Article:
The Presidential Coordinator of the government’s coronavirus response programme, Dr Anarfi Asamoah-Baah, has said the best way to contain the virus is to intensify global collaboration and cooperation.
“The global response so far has been national; countries closing their borders, hoarding medical supplies, buying vaccines in advance, sometimes even more than what they need.
“What this tells us is that national self-interest and internationalism are two sides of the same coin; being selfless and being selfish are the two sides of the coin,” he said.
Dr Asamoah-Baah, who is a former Deputy Director-General of the World Health Organisation (WHO), said this at the opening session of the 72nd annual New Year School and Conference at the University of Ghana, Legon in Accra yesterday.
The two-day conference, a flagship programme of the School of Continuing and Distance Education, College of Education of the university, is on the theme: “Building Ghana in the face of global health crises”.
Dr Asamoah-Baah said the implications of the current global approach to the pandemic was that, while Ghana could not insulate itself from the rest of the world, “our development depends on relying on and growing our own institutions, people, scientists, universities, civil societies, think tanks, media and the private sector”.
He said the fact that most research work was done by universities, while many civil society organisations were largely funded by external partners, made the country vulnerable.
“We need to invest in our institutions and our people. When I talk about investment, it’s not about money but appreciating, acknowledging, recognising and applauding our institutions,” Dr Asamoah-Baah said.
He commended Parliament, as an institution, saying: “We need opportunities for public debate in order to build national consensus. I also wish to pay special tribute to those who conceived the idea of the New Year School and those who continue to make it happen.”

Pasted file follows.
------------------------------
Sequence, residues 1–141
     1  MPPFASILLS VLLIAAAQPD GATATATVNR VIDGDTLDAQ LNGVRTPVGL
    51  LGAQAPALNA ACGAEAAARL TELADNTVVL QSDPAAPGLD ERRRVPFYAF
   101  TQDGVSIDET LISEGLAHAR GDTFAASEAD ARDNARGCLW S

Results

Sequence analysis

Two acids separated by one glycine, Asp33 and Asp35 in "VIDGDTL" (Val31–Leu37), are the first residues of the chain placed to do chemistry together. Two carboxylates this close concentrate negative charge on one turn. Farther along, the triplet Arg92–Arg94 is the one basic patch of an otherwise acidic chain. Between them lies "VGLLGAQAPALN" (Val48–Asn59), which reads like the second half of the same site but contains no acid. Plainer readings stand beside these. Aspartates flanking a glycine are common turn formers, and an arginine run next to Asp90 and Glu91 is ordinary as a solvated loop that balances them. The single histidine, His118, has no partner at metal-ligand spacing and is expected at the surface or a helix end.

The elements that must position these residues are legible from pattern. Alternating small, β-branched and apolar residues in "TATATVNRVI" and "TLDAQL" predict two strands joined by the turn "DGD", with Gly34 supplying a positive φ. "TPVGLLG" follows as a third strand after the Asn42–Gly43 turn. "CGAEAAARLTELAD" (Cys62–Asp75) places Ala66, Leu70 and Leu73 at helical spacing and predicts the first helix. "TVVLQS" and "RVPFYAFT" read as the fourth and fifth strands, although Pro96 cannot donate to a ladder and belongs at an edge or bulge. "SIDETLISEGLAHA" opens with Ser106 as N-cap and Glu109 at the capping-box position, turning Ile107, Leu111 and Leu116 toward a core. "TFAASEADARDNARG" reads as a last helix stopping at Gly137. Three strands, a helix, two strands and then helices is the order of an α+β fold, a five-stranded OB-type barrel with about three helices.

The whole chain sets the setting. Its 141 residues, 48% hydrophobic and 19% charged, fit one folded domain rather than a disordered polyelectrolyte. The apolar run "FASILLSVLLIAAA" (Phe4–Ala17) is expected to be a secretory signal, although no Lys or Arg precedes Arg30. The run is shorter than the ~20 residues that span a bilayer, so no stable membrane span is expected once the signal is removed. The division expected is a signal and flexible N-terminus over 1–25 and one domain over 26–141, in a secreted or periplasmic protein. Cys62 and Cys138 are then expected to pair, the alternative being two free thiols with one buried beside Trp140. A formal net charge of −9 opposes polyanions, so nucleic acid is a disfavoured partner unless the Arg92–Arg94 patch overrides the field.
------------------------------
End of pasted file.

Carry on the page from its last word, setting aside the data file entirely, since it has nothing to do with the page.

Dr Asamoah-Baah said one of the key lessons COVID-19 had taught the world was that unless the house help and the driver were protected, the master was not protected, adding: “Unless everyone is protected, no one is protected, hence the importance of universal health coverage, good health for all and not for some.”
He stressed the need to empower the media in health literacy, saying if the media had to play their advocacy role effectively, they should be supported, “otherwise we should not blame them when they focus on controversy and officialdom bash”.
The coordinator further said the emergence of the COVID-19 was an opportunity for Ghana to change its concept and approach to health by investing more in the sector, adding that human, animal and environmental health was closely linked and should, therefore, be viewed as one of the same coin.
On mental health, Dr Asamoah-Baah said depression had become common among the youth because of stress.
He also said the use of the mobile phone was becoming an issue, and that many people could not stay without their mobile phones, to the extent that when their phones were away from them, they began to develop withdrawal symptoms.
He cautioned that if care was not taken, “we will pay a price”.
He also expressed worry over the use of mobile phones by children and said the phenomenon was leading to hearing loss among kids, warning that if the practice was not stopped, a time would come when “our children will have ears but cannot hear”.
On food sufficiency, he said the recent investment in food production in the country had paid off.
Dr Asamoah-Baah, however, said the growing taste for foreign food was undermining Ghana’s food security and, therefore, urged the people to “eat what we grow”.
The Vice-Chancellor of the university, Professor Ebenezer Oduro Owusu, said throughout its 72-year existence, the new year school and conference had served as a barometer for driving public opinion for the promotion of good governance and the socio-economic development of the country.
The Chancellor of the university, Mrs Mary Chinery-Hesse, also said the COVID-19 pandemic had completely changed the world and affected all aspects of life.
She said its negative impact on the economy was evident, and that the government could rely on the outcome of the conference to get some guidance as to how the economy could be energised “as we ponder life beyond COVID-19”.